Rob doesn’t provide links, though I am happy to accept his word. However, to collect those four examples, Rob has to go back over almost 20 years, and by the stricter definition there have been many thousands of mass shootings in the US in that period, now at a rate of almost one per day. Four incidents is a vanishingly small proportion of gun crime. Rob makes the point:
We seldom see a ‘mass shooting’ when an armed civilian intervenes in an attempted public violence. The civilian stops the murderer before 4 people get killed. The average being 2.3 dead if a civilian on the scene intervenes, versus 14.3 dead if no armed civilian is present and the murders proceed until the police arrive.
It is certainly valid to count incidents where an attacker is stopped by a civilian and set them against mass shootings with more casualties because nobody intervened. I don’t know the source of the figures he quotes, and I acknowledge that it is possible to end up with a different dataset by changing the criteria, but accepting all of the incidents he cites over the past 20 years, they don’t indicate that armed civilians can provide much protection from the rate of one mass shooting per day in the US in recent years.
This is the Democracy Index, ranking countries by the quality of their democracy. It is clear that there is no correlation between liberal gun laws and the quality of the democracy.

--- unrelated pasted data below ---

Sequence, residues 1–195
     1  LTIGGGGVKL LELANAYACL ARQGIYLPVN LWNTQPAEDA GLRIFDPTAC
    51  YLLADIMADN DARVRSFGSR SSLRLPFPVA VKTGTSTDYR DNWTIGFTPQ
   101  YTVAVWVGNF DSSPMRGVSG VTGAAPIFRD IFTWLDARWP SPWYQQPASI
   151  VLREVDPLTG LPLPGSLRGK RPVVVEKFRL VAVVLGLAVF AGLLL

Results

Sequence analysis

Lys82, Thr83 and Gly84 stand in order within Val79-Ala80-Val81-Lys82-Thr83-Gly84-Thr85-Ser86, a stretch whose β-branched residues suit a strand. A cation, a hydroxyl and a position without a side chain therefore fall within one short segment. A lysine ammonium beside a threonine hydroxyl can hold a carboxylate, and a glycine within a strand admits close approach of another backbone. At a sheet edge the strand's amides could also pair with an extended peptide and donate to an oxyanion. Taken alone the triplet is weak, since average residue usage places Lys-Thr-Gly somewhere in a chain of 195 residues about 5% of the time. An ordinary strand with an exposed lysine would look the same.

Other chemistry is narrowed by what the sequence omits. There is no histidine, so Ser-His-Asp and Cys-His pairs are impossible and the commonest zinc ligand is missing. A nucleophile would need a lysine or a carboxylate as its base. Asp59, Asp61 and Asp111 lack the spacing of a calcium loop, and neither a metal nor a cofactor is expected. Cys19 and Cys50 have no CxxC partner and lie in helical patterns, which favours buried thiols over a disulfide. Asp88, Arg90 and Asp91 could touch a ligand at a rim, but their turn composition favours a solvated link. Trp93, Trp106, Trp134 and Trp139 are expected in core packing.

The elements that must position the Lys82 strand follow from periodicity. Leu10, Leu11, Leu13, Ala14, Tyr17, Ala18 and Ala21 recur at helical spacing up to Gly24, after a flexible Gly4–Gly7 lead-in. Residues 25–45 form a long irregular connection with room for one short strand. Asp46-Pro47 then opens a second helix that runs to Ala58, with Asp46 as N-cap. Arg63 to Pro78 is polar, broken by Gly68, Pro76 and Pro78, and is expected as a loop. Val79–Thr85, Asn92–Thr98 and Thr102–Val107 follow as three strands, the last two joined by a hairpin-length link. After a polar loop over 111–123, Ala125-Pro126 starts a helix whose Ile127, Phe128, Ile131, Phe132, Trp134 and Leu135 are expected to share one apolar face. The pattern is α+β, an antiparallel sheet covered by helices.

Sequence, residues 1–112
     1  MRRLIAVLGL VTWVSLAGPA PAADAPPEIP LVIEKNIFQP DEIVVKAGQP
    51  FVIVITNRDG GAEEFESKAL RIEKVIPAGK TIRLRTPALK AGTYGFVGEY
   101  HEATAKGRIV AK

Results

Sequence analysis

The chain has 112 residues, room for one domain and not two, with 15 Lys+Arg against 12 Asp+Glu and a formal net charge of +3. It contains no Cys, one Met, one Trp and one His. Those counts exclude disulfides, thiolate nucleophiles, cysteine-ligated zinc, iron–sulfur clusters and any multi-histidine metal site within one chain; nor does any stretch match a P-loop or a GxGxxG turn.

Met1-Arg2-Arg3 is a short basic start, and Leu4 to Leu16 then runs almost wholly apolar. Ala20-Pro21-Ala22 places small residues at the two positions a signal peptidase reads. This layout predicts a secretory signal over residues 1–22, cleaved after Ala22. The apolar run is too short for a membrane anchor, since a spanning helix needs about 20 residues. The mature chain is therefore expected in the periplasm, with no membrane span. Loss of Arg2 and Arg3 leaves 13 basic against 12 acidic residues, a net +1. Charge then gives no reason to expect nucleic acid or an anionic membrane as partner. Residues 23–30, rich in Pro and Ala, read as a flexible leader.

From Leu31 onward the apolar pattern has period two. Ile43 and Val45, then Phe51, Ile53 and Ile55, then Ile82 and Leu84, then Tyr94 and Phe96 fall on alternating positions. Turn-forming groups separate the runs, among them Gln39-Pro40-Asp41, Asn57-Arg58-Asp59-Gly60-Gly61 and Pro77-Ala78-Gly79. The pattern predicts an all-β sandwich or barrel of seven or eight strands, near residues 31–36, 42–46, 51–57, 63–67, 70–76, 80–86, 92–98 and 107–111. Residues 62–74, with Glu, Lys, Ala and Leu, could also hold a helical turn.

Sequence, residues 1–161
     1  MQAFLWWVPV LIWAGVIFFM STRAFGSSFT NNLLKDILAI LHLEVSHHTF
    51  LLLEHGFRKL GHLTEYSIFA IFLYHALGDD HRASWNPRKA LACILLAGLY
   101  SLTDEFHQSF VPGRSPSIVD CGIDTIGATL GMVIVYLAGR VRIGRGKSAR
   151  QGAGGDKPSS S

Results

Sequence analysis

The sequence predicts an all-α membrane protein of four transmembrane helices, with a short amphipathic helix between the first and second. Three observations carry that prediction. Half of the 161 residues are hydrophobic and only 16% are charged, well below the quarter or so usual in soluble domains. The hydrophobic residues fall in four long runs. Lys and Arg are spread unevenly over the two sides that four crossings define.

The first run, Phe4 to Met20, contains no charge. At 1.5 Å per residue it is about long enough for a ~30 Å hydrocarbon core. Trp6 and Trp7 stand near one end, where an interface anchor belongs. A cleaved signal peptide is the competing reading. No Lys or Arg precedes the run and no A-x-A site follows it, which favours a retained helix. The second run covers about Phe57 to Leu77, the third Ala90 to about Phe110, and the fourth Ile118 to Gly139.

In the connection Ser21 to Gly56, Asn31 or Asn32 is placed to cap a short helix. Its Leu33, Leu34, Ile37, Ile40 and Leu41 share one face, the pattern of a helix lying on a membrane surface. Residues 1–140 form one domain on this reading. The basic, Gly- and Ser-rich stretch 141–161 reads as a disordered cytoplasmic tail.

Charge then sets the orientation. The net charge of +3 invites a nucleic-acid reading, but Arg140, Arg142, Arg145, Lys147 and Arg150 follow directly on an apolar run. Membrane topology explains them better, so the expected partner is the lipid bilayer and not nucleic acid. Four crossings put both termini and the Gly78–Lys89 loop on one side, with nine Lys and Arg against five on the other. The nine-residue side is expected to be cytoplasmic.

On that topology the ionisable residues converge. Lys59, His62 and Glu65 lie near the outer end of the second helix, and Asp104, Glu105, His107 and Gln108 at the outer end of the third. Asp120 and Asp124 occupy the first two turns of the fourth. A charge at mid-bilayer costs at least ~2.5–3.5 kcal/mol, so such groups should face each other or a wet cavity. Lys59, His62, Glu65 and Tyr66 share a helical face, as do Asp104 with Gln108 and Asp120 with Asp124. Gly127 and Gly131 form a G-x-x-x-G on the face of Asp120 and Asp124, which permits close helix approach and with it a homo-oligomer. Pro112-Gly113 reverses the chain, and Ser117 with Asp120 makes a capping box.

I overstated Somalia’s level of gun prevalence, it has about one gun for every 10 people.
In the interview, we talked about this article in the UK Daily Telegraph which talked about taking ‘Best Before’ dates off some food products such as salt and pasta in the European Union because those products have very long shelf lives.
In November 2007, [Damigo] had been home for a month after his second tour of duty and was suffering from severe post-traumatic stress disorder, drug and alcohol abuse, paranoia and flashbacks, court records show. A few days after the anniversary of a friend’s combat death, he spent a night drinking and went for a walk with a gun he’d gotten two days before as a gift. He came across a La Mesa cab driver who he thought was Iraqi, put a gun to his head and robbed the man of $43, records show.
He was convicted of armed robbery and spent a year in county jail and four years in prison for the crime.
Part two of this interview will be released next Monday, Apirl 10.